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Cold, Flu and COVID-19:

Keeping Yourself and Your Family Safe

Nearly two years into the COVID-19 era, our ever-changing days are still filled with more questions than answers—and that includes expectations for the upcoming cold and flu season. While experts agree the months ahead will continue to be unpredictable, evidence does indicate a higher likelihood that this year’s rates of upper respiratory illness and flu will be higher than last.

  • Traditionally, milder flu seasons, like last winter, are followed by more severe ones. This can be attributed to waning immunity, since the more exposure a population has to infectious disease, the more herd immunity builds. Less exposure due to a mild season (as well as more time in isolation, physical distancing and masking measures) equals increased susceptibility in the future.
  • This hypothesis has already been demonstrated in the uncharacteristic summer rise of Respiratory Syncytial Virus (RSV) in the Southern U.S. The Centers for Disease Control and Prevention (CDC) attributes this surge to reduced circulation of RSV during the winter months of 2020–2021 and warns that infants and toddlers may now be at increased risk of severe RSV-associated complications as a result of minimal exposure.
Get answers to your common questions

How to take charge:

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DO get vaccinated for COVID-19 and the flu. With variants emerging, kids returning to school, adults returning to work and communities heading indoors, vaccination is the most important thing you can do to protect yourself, your family and the public-at-large.

If you don’t already have your COVID-19 vaccine, click here to learn why it’s recommended by the CDC and find a vaccine near you. Even if you were vaccinated against flu last year, the CDC recommends everyone 6 months and older get another flu vaccine by the end of October.1

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DO keep taking proper precautions.
Double down on the rules from cold and flu seasons past, including practicing good hand hygiene, wearing a mask and physical distancing in public settings.

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DON’T wait to get diagnosed and treated.
If you are suffering from influenza, antiviral treatment is most effective when started within two days of symptom onset. These drugs can lessen fever and flu symptoms and may reduce the risk of complications for people of all ages, including those in high-risk groups.2 And if your symptoms are related to COVID-19, testing as soon as they arise is critical in keeping your family and loved ones safe.
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DO seek virtual care as a first step if you are experiencing symptoms. With the double threat of flu and COVID-19, virtual care allows you to be evaluated without risking exposure–or potentially passing illness to others. If your physician feels testing is necessary to confirm your diagnosis, they will offer guidance, instruction and reassurance around getting it done safely.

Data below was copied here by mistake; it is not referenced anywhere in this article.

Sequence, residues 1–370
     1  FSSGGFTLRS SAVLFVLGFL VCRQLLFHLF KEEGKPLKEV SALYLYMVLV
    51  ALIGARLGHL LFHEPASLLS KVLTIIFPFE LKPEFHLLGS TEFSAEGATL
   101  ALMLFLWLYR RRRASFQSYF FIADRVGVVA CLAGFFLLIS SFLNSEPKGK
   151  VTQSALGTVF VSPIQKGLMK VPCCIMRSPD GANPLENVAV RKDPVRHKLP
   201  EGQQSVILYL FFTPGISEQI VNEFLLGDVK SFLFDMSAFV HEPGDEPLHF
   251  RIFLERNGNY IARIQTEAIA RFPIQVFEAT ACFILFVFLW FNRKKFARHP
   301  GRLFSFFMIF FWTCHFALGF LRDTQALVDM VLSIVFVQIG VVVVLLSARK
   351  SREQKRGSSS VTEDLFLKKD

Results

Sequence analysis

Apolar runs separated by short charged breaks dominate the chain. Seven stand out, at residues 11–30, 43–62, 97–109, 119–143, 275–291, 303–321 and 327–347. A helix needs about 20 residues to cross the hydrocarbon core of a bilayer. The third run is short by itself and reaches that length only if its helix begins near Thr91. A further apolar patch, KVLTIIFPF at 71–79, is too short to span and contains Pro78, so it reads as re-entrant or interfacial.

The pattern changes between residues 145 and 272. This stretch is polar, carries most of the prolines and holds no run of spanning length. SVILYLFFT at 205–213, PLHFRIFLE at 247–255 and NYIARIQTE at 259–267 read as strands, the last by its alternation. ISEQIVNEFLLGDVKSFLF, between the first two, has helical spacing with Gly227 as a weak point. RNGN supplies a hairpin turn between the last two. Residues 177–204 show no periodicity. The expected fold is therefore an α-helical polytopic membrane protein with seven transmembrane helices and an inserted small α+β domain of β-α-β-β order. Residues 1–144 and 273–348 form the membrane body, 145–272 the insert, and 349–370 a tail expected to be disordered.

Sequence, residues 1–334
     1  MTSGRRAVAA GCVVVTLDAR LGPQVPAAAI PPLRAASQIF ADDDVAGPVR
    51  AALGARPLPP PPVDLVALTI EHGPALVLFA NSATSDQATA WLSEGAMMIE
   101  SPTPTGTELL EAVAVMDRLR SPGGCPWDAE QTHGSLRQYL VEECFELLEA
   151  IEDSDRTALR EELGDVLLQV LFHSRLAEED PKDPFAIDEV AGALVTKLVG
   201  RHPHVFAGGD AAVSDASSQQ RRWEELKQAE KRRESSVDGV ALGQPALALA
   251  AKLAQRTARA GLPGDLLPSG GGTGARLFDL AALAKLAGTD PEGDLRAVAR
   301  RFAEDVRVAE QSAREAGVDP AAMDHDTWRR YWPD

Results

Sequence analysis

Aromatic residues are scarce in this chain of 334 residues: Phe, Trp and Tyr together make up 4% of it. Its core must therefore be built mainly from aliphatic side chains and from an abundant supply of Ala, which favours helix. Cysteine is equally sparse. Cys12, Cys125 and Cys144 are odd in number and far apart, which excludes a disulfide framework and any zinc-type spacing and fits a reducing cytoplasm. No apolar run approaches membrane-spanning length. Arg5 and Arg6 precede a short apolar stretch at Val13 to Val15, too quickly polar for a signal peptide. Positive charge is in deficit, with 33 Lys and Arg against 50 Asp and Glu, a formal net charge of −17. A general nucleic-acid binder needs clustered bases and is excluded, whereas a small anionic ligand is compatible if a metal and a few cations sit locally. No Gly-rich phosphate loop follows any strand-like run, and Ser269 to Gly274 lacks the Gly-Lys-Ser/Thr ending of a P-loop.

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Get care without risking exposure or potentially passing illness to others.

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Even if you need further testing or evaluation, our virtual clinic is a hassle-free first stop to easing worries and getting on the path to health.

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We can help with:
I think my child and I have the flu. Can you treat us?3
My asthma was triggered by this cold. Are you able to refill my medications?
I’m worried I have a sinus infection. Can you help?
Can I take OTC cold meds if I have hypertension?
My child has had a cough for a week. Should I be concerned?

Taking proper precautions works—and there’s proof

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The U.S. 2020-2021 influenza season was significantly less severe than in years past, likely due in large part to widespread use of masking, physical distancing and proper hand hygiene as a result of the COVID-19 pandemic. Continued use of these measures should steady this trend in the coming year.

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Need to find a flu
vaccine site near you?

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According to the CDC, flu vaccination can reduce the risk of flu illness by between 40–60% among the overall population. While generally not as effective as the COVID-19 vaccine at preventing illness, it can significantly reduce the risk of flu-associated hospitalization for children, working-age adults and older adults and is an important preventive tool for individuals with chronic health conditions.4

Cold, Flu and COVID-19
What’s the difference?

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Some colds are in the coronavirus family. As a “sibling” to COVID-19, they present with similar symptoms, such as cough, sinus congestion and drainage.

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Influenza tends to begin more abruptly, with high fever and muscle/joint pain. However, these symptoms can also be associated with COVID-19.

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COVID-19 symptoms can include total loss of the sense of smell, shortness of breath and gastrointestinal issues. However, the complete list is long and varied, with similarities to cold and flu.

Bottom line: If you are experiencing any symptoms, stay home and start taking action by seeking virtual care.

What's the Difference?

Dark teal-colored circle icon with the text Cold

Colds are in the coronavirus family. As a “sibling” to COVID-19, they present with similar symptoms, such as cough, sinus congestion and drainage.

Teal-colored circle icon with the text Flu

Influenza tends to begin more abruptly, with high fever and muscle/joint pain. However, these symptoms can also be associated with COVID-19.

Coral-colored circle icon with the text COVID-19

COVID-19 symptoms include total loss of the sense of smell, shortness of breath and gastrointestinal issues. However, the complete list is long and varied, with similarities to cold and flu.

Bottom line: If you are experiencing any symptoms, stay home and start taking action by seeking virtual care.

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FAQs

Vaccines

Where can I get a flu shot?